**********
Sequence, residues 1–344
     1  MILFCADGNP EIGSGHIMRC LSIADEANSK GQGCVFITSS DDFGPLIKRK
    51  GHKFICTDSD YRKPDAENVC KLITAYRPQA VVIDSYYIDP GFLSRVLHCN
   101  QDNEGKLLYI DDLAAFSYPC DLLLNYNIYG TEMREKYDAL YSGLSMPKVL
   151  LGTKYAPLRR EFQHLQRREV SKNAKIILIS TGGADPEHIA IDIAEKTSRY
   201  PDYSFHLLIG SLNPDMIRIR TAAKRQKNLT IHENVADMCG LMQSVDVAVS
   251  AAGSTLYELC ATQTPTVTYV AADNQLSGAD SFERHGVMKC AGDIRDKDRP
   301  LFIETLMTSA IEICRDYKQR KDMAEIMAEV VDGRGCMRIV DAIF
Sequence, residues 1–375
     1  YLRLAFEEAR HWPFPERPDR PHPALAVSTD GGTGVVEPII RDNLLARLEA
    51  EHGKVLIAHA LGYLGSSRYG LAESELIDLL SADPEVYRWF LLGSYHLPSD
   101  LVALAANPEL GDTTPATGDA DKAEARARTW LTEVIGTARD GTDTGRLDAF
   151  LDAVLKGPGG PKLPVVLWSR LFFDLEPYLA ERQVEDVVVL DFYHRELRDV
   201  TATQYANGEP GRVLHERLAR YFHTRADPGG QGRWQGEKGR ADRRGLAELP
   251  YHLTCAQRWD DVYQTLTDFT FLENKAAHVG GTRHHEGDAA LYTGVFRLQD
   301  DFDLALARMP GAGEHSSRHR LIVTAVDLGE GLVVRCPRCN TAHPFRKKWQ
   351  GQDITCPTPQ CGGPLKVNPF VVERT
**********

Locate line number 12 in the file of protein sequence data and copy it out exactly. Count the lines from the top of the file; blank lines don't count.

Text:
   101  LVALAANPEL GDTTPATGDA DKAEARARTW LTEVIGTARD GTDTGRLDAF